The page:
• Lubbock Online features Peer-to-Peer Lending: beneficial for loaner, borrower, but also risky.
  • Champs Portals writes about hiccups in peer to peer lending start-ups.
  • New York Times asks is Peer-to-Peer Lending working for you?
  • Wall Street Journal says Peer-to-Peer Lending sites getting squeezed in credit crunch.

Loanio in the News:

  • Prosper Lending Review mentions us in Lending Club rapidly adding more states.
  • Southtown Star takes a look at Peer-to-Peer lending: Weighing benefits, risks.
  • A brief mention of Loanio in lending alternative hits hurdle by New York Times.
  • P2P Lender Prosper closes marketplace to lenders; Loanio unaffected for now writes Free Signal.
  • P2P Banking blogs Loanio says it won’t face registration process in near future.
  • A quick mention in Banking on Customers’ post what’s coming…

Photo Credit: 1

Originally posted 2020-10-26 05:40:29. Republished by Old Post Promoter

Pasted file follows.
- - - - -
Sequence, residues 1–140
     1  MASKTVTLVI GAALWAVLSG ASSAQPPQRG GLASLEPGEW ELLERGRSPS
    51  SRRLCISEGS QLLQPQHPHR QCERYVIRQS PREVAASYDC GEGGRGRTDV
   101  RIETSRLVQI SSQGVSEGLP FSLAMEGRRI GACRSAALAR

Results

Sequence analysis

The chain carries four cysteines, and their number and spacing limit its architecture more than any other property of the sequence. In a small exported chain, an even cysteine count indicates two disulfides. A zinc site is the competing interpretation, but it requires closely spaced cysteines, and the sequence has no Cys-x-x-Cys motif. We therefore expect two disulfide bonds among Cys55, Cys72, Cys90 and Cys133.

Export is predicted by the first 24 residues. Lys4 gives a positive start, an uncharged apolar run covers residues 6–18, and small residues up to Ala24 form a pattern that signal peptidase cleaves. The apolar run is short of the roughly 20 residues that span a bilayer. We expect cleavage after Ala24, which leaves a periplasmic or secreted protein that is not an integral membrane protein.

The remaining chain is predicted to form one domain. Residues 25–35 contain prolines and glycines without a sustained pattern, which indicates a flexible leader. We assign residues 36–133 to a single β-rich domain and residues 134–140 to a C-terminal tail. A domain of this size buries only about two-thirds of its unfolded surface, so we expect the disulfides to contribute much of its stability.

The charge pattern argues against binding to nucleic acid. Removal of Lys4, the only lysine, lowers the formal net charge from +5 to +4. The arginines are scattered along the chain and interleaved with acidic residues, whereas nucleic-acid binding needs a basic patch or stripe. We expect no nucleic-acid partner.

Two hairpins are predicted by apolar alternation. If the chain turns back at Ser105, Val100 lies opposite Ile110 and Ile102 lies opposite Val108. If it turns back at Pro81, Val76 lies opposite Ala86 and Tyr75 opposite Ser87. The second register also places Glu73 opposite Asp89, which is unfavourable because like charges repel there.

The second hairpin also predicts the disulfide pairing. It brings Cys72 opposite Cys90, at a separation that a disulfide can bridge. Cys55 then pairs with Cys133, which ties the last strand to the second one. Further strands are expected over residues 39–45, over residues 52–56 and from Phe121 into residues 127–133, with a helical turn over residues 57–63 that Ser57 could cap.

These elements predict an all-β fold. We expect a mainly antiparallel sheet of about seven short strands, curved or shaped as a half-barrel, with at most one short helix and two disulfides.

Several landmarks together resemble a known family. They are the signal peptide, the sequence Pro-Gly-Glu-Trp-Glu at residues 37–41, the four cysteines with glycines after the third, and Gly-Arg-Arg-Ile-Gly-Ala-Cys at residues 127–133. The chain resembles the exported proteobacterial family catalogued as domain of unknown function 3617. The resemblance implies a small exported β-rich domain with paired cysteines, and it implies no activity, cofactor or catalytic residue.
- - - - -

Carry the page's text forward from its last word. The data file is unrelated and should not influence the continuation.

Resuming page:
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Is Leasing an Auto a Good Option Right Now?

Sunday, February 22nd, 2009

Should you lease a car?

With the current state of the economy and rising interest rates, many are considering leasing an auto instead of making an outright purchase or financing one. While there are a few benefits that can come through a leased vehicle, this is a decision that will require some careful thought and weighing of the pros and cons before leaping. This is particularly true if you have never leased a vehicle before. Let’s take a look at whether or not leasing is a good option right now.

First and foremost, the most important thing to consider about a lease is the fact that you will have a buyout price at the end of the lease period. Many people forget about this extra fee and at the end of a few years find out that they really aren’t in any position to purchase their car. Unless you have more than enough money saved up to pay that extra fee at the end of a lease term, this may not be a wise option.

Another common problem facing those that lease is the fact that once the lease is complete, you won’t have a vehicle to trade in unless you do decide to purchase the leased vehicle. While leasing is convenient, it is often very difficult to get another car, especially if your funds are limited. Unless you plan on leasing for many years to come, this is something that must be considered. Essentially you’ll be paying for two to three years on a car, but at the end of the term, you’ll have little to show for your efforts.